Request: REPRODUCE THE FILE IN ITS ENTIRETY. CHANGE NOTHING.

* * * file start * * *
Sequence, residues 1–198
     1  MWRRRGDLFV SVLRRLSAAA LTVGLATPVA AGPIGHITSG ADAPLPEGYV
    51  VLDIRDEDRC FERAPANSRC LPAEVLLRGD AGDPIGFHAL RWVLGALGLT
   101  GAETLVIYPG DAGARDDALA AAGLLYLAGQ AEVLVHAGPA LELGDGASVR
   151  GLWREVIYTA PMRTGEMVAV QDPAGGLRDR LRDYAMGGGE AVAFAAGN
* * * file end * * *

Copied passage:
Sequence, residues 1–198
     1  MWRRRGDLFV SVLRRLSAAA LTVGLATPVA AGPIGHITSG ADAPLPEGYV
    51  VLDIRDEDRC FERAPANSRC LPAEVLLRGD AGDPIGFHAL RWVLGALGLT
   101  GAETLVIYPG DAGARDDALA AAGLLYLAGQ AEVLVHAGPA LELGDGASVR
   151  GLWREVIYTA PMRTGEMVAV QDPAGGLRDR LRDYAMGGGE AVAFAAGN